A nested ANOVA is a type of ANOVA (“analysis of variance”) in which at least one factor is *nested* inside another factor.

For example, suppose a researcher wants to know if three different fertilizers produce different levels of plant growth.

To test this, he has three different technicians sprinkle fertilizer A on four plants each, another three technicians sprinkle fertilizer B on four plants each, and another three technicians sprinkle fertilizer C on four plants each.

In this scenario, the response variable is plant growth and the two factors are technician and fertilizer. It turns out that technician is *nested* within fertilizer:

The following step-by-step example shows how to perform this nested ANOVA in Excel.

**Step 1: Enter the Data**

First, let’s enter the data in the following format:

**Step 2: Fit the Nested ANOVA**

There is no built-in Nested ANOVA function in Excel, but we can use the **Anova: Two-Factor With Replication** option from the **Data Analysis ToolPak** to perform a nested ANOVA with some tweaks.

To do so, click the **Data** tab along the top ribbon. Then click the **Data Analysis** button within the **Analyze** group:

If you don’t see this option, you need to first load the Data Analysis ToolPak in Excel.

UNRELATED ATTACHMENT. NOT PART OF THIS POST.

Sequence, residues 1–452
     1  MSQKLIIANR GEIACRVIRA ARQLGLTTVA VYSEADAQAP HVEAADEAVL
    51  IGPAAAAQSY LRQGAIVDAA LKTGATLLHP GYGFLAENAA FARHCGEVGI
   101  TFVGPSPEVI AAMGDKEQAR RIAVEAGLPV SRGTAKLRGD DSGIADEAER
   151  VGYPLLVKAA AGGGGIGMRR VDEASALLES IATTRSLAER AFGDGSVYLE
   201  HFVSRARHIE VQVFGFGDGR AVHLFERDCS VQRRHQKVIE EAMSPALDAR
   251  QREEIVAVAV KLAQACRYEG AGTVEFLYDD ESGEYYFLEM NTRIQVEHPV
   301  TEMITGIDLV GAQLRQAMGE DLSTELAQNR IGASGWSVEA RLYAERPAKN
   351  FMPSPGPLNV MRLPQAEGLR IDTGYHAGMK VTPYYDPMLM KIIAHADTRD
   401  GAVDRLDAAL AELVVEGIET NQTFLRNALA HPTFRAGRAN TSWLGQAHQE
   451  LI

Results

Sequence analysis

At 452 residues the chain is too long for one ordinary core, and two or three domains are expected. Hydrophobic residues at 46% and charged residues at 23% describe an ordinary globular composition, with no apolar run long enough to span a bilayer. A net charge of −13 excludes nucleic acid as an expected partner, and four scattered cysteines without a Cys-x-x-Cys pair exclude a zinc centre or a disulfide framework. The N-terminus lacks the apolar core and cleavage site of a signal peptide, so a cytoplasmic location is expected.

In the window that appears, click **Anova: Two-Factor With Replication** and then click **OK**. In the new window that appears, enter the following information:

Once you click **OK**, the following output will appear:

**Step 3: Interpret the Output**

The ANOVA table shown at the bottom of the output is the one table that we will focus on.

The row labeled **Sample** shows the results for fertilizer. The p-value in this row (4.27031E-10) is less than .05, so we can conclude that fertilizer is statistically significant.

To determine if the nested factor “technician” is statistically significant, we must perform the following manual calculations:

The p-value turns out to be **0.211**. Since this is not less than .05, we conclude that technician is not a statistically significant predictor of plant growth.

These results tell us that if we’d like to increase plant growth, we should focus on the fertilizer being used rather than the individual technician who is sprinkling the fertilizer.

**Additional Resources**

How to Perform a One-Way ANOVA in Excel

How to Perform a Two-Way ANOVA in Excel

How to Perform a Repeated Measures ANOVA in Excel

In nested ANOVA, the F for sample is not 53.23: it is MS(sample) divided by MS(technician) i.e.186.33/5.33

How am I supposed to make sense of “G34 + G33” when there’s no row numbers?